The Champion

May 2006 , Page 28 

Search the Champion Looking for something specific?

Preview of Member Only Content

For full access: login or Become a Member Join Now

Challenging Crime Of Violence Sentence Enhancements In Federal Court

By Lynn Hartfield

Sentence enhancements for crimes of violence, which have become increasingly common, have serious consequences for defendants. In the federal system, defendants may be subject to two- and threefold increases in their presumptive sentences, often as a result of convictions that are quite old, and for which they originally received little or no jail time. The Supreme Court has repeatedly rejected challenges to the constitutionality of these enhancements,1 and even with Booker’s relaxing of the standard for applying such enhancements, there has been little change in overall sentence length.2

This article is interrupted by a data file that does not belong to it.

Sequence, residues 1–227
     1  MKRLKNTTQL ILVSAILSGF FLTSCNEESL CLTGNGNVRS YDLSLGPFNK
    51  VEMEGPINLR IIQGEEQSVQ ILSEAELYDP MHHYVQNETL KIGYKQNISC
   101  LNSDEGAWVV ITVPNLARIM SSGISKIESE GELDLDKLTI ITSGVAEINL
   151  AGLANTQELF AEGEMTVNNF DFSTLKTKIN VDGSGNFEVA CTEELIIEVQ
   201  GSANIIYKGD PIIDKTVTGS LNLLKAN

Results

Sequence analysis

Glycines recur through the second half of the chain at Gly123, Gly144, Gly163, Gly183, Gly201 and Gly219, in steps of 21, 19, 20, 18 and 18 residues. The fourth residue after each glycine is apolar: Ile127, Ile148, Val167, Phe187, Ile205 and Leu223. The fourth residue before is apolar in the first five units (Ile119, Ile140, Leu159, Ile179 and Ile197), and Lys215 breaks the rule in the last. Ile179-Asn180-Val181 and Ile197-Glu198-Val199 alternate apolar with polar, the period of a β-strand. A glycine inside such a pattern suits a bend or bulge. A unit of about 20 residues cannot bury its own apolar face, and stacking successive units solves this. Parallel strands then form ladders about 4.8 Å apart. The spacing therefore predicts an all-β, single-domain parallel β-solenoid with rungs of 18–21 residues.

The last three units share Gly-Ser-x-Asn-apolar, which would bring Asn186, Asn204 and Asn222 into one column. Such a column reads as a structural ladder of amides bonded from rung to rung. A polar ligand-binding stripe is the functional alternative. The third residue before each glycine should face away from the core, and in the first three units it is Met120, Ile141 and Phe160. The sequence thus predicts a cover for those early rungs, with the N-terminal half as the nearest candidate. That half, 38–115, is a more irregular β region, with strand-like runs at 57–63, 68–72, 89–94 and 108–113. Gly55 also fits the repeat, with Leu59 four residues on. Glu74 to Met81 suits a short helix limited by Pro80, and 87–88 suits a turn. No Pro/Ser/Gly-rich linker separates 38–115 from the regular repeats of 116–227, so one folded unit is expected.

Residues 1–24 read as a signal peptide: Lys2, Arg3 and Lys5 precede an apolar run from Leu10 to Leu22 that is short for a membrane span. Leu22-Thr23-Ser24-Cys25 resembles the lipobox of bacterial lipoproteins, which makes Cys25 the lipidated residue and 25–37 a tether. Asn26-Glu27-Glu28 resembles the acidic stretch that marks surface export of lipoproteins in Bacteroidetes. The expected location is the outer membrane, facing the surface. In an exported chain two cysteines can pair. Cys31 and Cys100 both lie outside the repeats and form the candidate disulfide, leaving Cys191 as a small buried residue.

In federal court, defending against these enhancements is further complicated by the maze of differing statutes, each with its own slightly different crime of violence definition, and each carrying its own unique method of analysis. The purpose of this article is to summarize the issues relating to each crime of violence definition, identify strategies for attacking the use of prior convictions, and

Want to read more?

The Champion archive is reserved for NACDL members.

NACDL members, please login to read the rest of this article.
login

Not a member? Join now.
Join Now
Or click here to see an overview of NACDL Member benefits.

See what NACDL members say about us.

To read the current issue of The Champion in its entirety, click here.

  • Media inquiries: Contact NACDL's Director of Public Affairs & Communications Ivan J. Dominguez at 202-465-7662 or idominguez@nacdl.org
  • Academic Requests: Full articles of The Champion Magazine are available for academic and research purposes in the WestLaw and LexisNexis databases.

In This Section

Advertisement Advertise with Us
ad